By Marcus Kolga, June 30, 2020
Next week, Russian voters have been told that they will “choose” whether to accept a constitutional amendment that will allow Russia’s President Vladimir Putin to remain in power until 2036. By that year, he will be 83 years old. Canada must be prepared for such an outcome.
The opportunity for Putin to exit Russian politics democratically and bloodlessly likely passed in 2012. After stepping aside for four years following his first two terms, Putin ran for a third presidential term.
Since then, the Russian ruler’s armed forces and intelligence agents have invaded and occupied Crimea and Eastern Ukraine, shot down a civilian airliner, aided in the bombing of civilians in Syria, engaged in extraterritorial assassinations, and interfered in dozens of elections in efforts to undermine the western rules-based order. In addition, pro-democracy opposition leader, Boris Nemtsov was gunned down steps from the Kremlin in 2015, while Nemtsov’s colleague, Vladimir Kara-Murza, survived two attempted poisonings.
Putin is acutely aware of the destruction and chaos that he and his fellow kleptocrats have sown and the massive wealth and power that they have accumulated along the way. For him, the alternative paths to remaining in power could lead to criminal and war crimes trials, or a trip straight to the gallows.
This is why last March, Putin reluctantly agreed to support his legislative allies who begged him to eliminate presidential term limits in order to allow Putin to remain in power 12 years past his current term, which ends in 2024.
There is never any doubt about what the outcomes of elections in Putin’s Russia will be and the rescheduled July 1 constitutional referendum is no different.
And yet, sagging popularity ratings, the mishandling of the COVID-19 crisis, and the collapse of oil prices are clearly making the Kremlin nervous.
There is a growing number of disenfranchised young Russians who expect Western-style freedoms and a European standard of living. These Russians are looking for possible alternatives to Putin.
Among the highest profile pro-democracy and anti-corruption alternatives is Alexei Navalny, who was charged by Russian authorities with criminal slander last week — a transparent attempt to silence him before the referendum. Petr Verzilov, a Canadian citizen and member of the activist Russian punk collective Pussy Riot, was detained on Sunday, in a not-so-subtle warning to deter other Russian activists.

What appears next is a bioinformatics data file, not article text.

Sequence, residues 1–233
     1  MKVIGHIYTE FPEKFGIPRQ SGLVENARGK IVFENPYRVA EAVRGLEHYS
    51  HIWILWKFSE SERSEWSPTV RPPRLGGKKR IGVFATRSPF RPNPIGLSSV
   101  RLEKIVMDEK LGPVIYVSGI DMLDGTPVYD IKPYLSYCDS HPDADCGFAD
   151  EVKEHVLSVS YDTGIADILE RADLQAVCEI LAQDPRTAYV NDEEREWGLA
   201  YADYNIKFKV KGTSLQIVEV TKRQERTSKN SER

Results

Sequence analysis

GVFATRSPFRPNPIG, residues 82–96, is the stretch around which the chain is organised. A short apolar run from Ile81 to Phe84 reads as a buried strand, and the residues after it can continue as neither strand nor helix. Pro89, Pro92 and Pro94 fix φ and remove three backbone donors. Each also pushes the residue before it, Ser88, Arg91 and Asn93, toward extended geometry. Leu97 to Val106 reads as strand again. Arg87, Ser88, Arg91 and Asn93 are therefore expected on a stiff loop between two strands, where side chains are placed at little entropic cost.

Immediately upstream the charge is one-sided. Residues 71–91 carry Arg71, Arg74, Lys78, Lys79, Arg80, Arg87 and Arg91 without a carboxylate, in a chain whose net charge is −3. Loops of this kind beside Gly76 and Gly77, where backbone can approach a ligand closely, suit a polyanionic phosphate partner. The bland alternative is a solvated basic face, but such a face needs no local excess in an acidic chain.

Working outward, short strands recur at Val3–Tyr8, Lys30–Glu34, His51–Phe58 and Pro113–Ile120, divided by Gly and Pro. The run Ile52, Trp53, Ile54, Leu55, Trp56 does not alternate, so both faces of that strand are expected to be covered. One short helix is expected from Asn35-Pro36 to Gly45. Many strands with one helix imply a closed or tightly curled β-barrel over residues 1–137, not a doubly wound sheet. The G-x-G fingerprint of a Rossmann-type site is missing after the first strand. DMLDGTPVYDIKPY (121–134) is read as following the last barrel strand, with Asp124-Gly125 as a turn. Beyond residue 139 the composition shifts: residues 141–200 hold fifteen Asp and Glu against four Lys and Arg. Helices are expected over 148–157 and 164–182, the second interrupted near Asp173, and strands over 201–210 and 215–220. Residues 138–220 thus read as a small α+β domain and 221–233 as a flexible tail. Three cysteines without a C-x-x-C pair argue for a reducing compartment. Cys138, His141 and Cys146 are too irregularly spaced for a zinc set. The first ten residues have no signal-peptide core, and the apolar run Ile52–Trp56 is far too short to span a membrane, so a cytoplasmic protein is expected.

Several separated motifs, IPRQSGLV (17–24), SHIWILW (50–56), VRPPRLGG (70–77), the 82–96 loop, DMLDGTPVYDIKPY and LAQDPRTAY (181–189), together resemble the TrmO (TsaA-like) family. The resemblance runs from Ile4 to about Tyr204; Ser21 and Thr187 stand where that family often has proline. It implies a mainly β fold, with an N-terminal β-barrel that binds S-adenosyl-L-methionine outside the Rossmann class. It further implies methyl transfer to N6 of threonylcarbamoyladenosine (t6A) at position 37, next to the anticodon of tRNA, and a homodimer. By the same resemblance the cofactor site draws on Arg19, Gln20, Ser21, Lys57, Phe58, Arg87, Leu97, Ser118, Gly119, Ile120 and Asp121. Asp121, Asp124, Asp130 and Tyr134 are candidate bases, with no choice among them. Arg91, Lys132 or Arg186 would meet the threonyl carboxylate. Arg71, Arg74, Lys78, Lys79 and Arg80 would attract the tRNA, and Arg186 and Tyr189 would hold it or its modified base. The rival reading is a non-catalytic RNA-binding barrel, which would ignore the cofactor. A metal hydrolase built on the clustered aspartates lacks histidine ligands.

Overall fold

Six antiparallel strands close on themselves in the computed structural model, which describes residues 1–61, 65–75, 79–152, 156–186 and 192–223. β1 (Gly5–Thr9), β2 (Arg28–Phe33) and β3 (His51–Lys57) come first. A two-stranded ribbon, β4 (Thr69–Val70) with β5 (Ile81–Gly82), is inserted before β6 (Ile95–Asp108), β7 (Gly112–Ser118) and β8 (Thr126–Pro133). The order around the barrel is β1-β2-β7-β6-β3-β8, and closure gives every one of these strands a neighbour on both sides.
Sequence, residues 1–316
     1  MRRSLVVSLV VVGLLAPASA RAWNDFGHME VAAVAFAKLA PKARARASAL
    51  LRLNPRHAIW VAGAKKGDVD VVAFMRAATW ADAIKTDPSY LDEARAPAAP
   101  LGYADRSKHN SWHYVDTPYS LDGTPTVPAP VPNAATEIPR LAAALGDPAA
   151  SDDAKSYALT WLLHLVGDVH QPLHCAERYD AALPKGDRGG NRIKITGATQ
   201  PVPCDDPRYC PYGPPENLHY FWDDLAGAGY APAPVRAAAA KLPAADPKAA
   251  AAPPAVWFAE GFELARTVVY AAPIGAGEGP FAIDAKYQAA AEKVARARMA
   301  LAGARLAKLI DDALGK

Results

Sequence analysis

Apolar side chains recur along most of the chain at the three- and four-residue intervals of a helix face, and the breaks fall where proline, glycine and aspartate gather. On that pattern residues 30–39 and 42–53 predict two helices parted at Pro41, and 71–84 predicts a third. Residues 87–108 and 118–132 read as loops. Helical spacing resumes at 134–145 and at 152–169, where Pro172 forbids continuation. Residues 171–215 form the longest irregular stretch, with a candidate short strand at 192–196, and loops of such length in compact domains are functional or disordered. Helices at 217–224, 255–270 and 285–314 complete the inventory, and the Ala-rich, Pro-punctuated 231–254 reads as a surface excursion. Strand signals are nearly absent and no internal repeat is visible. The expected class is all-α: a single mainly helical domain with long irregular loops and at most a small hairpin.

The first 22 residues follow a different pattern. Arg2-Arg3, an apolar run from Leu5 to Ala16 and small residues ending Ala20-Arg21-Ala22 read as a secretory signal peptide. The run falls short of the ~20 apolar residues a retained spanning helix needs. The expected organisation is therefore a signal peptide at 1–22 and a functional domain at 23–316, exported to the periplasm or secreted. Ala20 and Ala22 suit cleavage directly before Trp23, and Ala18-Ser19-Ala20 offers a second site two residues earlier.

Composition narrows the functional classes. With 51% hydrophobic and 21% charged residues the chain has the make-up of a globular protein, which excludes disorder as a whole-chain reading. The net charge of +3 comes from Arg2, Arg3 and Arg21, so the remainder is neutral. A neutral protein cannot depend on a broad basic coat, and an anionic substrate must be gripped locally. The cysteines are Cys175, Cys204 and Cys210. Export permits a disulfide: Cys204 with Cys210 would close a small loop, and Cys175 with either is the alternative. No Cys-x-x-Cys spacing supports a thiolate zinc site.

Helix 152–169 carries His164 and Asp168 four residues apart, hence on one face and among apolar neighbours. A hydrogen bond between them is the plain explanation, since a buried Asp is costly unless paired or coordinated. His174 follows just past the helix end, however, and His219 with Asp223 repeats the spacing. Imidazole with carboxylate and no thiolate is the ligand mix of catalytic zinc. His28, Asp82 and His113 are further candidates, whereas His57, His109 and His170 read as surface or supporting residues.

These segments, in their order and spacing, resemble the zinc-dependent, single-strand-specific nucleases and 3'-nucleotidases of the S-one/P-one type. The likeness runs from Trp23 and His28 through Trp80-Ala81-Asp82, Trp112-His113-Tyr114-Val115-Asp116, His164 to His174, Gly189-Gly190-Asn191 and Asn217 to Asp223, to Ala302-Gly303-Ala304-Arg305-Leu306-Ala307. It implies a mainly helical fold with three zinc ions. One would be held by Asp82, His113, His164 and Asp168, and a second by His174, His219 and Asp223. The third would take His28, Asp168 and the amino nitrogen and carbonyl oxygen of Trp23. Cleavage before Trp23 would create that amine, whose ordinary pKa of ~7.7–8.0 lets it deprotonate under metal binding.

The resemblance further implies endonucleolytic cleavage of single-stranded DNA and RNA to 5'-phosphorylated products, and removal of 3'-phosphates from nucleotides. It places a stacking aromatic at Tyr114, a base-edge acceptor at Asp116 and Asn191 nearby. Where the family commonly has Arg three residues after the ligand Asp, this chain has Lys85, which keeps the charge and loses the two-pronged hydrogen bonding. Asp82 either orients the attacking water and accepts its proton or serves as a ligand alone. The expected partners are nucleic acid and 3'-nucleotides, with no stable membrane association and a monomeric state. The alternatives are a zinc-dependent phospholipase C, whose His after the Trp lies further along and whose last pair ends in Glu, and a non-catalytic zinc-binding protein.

On Wednesday, despite being in the midst of pandemic, the Kremlin held a mass demonstration of military power to commemorate the 75th anniversary of the end of the Second World War. In addition to commemorating Russia’s veterans, the propaganda event glorified the Soviet conquest and occupation of much of Central and Eastern Europe, through which, Putin deflects attention of Russian voters away from pesky distractions like democracy, human rights, and a Western-style standard of living. The goal of glorifying the Stalinist Soviet Union of two generations ago is to suggest that the same glory can be achieved, so long as Vladimir Putin remains at the helm.
Russia’s neighbours are also keenly alert to Putin’s sinking poll numbers. In late 2013, Putin’s popularity was at its lowest since he became President in 2000 but by the summer of 2014, after invading Ukraine and annexing Crimea, he hit a near all-time high.
In addition to the heightened anxiety of our Eastern NATO partners, there are other potential consequences for Canada; Russia’s rapid militarization of the Arctic among them. Over the past decade, at least 30 Russian Arctic military bases have been built or refurbished as part of Russia’s 2035 Arctic Masterplan, which calls for an aggressive expansion of Arctic resource claims.
A recent study by the Canada’s National Security and Intelligence Committee of Parliamentarians warned in a new report that the Kremlin “engages in foreign interference activities across Canada’s political system” and that “the nature and extent of Russia’s foreign interference threat is significant.” More worrying is the Canadian government’s failure to address this well documented threat since the last federal election.
With the outcome of Russia’s constitutional referendum next week a fait accompli, the Trudeau government must prepare for yet darker days ahead by heeding the warnings of our intelligence experts and working with our NATO allies to defend our collective sovereignty.
Marcus Kolga is a senior fellow at the Macdonald-Laurier Institute.